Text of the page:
Q&A: PSC Candidates Answer Question 3


Paralegal SCOPE presents the third in a series of Q & As for the PSC Election 2014. All answers are posted at the same time. Candidate names will be rotated, to ensure “alphabetical fairness.”


    Question 3:

      The licensing exam is being updated. How will this affect the profession?


Brian Lawrie

Updating the paralegal examination process is a step in the right direction, and one which will benefit the entire profession in the long term.

The examination updating is one of most important changes to paralegal licensing in the last few years. Adding substantive questions will ensure that the public understands that paralegals are professionals who have met a high standard of education and competency.

Another benefit is that the colleges will have to prepare students in a slightly different way than they do now. Their duty to prepare graduates to write a longer and more substantive examination will bring a new sense of urgency to the training.

It will no longer be enough to make sure students are familiar with the Rules of Conduct, their financial obligations and their ethical duties. Those are important. But to be successful professionals, students will need to be trained in the substantive skills needed to work in the practise areas. The colleges will have to make sure their students are ready to be tested on those core skills, on the law they will use every day in providing legal services to clients.

The LSUC developed the new examination after consultation with the legal community, and after the Five Year Review and the Morris Report. It is clear that the twin issues of education and licensing examination are being addressed and this will bring a new layer of professionalism that we can all be proud of.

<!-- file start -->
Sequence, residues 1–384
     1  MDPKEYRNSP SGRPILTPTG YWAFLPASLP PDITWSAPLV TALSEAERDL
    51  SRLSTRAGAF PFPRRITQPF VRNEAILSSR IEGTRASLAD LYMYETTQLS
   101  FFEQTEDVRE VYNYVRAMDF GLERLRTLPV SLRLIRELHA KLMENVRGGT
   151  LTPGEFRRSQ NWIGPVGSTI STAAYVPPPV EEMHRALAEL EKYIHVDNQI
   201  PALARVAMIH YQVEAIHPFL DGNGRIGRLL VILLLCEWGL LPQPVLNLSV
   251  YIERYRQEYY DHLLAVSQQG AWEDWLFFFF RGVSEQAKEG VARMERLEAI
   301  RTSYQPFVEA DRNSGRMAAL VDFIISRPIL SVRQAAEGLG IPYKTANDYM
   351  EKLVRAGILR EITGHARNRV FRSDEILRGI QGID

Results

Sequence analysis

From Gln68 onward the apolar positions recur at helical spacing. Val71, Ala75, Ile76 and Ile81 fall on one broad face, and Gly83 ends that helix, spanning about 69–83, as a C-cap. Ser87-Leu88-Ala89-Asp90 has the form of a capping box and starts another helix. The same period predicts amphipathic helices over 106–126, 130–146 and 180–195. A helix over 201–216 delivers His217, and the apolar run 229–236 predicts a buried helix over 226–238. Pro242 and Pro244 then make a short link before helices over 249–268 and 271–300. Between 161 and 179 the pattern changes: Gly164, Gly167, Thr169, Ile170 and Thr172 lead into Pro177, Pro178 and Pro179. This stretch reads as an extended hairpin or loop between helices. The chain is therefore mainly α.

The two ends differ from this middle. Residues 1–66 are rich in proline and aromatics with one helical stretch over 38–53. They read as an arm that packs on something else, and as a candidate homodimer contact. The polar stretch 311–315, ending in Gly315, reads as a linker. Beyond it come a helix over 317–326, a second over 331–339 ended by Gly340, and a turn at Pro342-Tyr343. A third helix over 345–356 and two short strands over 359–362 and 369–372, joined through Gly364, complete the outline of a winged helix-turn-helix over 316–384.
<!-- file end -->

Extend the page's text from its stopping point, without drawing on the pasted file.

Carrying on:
Following up on the examination changes, and monitoring the effect they have on the profession, will be a priority for the PSC over the next four years. I look forward to being part of that process.

Link to the Morris Report, Five Year Review.





Paula Callaghan

When I took my licensing exam, I was rather surprised that there was no substantive or procedural law included. While the exam tested my knowledge of ethics and practice management, it did not fully test the full scope of my knowledge and the level of education I had received.

I believe that the expansion of the licensing exam to include substantive and procedural law is a step in the right direction. It will raise the level of provable competency among new licensees, which in turn raises the public confidence in our profession and raises the “bar” for the profession.

An expansion of the exam will place the onus of full professional competency on both the candidates and the schools. It will no doubt have a positive impact on curriculum standards and highlight which schools are, or are not, meeting their curriculum obligations to the education of their students.

However, it will be incumbent on the LSUC Professional Development and Competency Department to monitor the results of the new exam and quickly identify candidates from programs with deficiencies. Accreditation of programs should be tied in part to performance metrics stemming from these new exams. I believe a review of raw exam score data is necessary, to ensure the exam is in fact a true representation of education standards and student academic performance.

A new expanded exam will encourage a more uniform curriculum across the province, guided by the standards set out by the Law Society, eliminating any educational gaps between institutions. As exam materials are provided and the exam is open book, this should be easily achievable. I have full confidence that candidates will be up to the challenge; changing the current narrative from “expected skills and behaviors of minimally competent, entry-level paralegal to “fully competent, entry-level paralegal.”